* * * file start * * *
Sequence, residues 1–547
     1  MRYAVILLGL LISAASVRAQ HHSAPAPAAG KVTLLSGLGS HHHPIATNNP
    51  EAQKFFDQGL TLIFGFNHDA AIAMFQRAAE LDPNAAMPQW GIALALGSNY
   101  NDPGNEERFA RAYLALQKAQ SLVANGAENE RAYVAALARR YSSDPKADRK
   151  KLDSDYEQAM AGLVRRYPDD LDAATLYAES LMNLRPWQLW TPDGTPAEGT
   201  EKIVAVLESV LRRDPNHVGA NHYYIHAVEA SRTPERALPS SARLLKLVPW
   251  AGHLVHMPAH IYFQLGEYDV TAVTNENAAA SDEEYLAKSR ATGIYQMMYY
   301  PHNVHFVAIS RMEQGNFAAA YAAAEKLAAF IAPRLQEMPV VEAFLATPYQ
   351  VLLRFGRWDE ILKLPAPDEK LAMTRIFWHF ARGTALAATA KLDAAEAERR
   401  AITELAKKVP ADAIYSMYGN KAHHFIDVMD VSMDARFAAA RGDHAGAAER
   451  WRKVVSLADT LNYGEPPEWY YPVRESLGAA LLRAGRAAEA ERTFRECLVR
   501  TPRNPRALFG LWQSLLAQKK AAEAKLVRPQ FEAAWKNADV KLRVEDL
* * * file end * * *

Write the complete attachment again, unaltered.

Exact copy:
Sequence, residues 1–547
     1  MRYAVILLGL LISAASVRAQ HHSAPAPAAG KVTLLSGLGS HHHPIATNNP
    51  EAQKFFDQGL TLIFGFNHDA AIAMFQRAAE LDPNAAMPQW GIALALGSNY
   101  NDPGNEERFA RAYLALQKAQ SLVANGAENE RAYVAALARR YSSDPKADRK
   151  KLDSDYEQAM AGLVRRYPDD LDAATLYAES LMNLRPWQLW TPDGTPAEGT
   201  EKIVAVLESV LRRDPNHVGA NHYYIHAVEA SRTPERALPS SARLLKLVPW
   251  AGHLVHMPAH IYFQLGEYDV TAVTNENAAA SDEEYLAKSR ATGIYQMMYY
   301  PHNVHFVAIS RMEQGNFAAA YAAAEKLAAF IAPRLQEMPV VEAFLATPYQ
   351  VLLRFGRWDE ILKLPAPDEK LAMTRIFWHF ARGTALAATA KLDAAEAERR
   401  AITELAKKVP ADAIYSMYGN KAHHFIDVMD VSMDARFAAA RGDHAGAAER
   451  WRKVVSLADT LNYGEPPEWY YPVRESLGAA LLRAGRAAEA ERTFRECLVR
   501  TPRNPRALFG LWQSLLAQKK AAEAKLVRPQ FEAAWKNADV KLRVEDL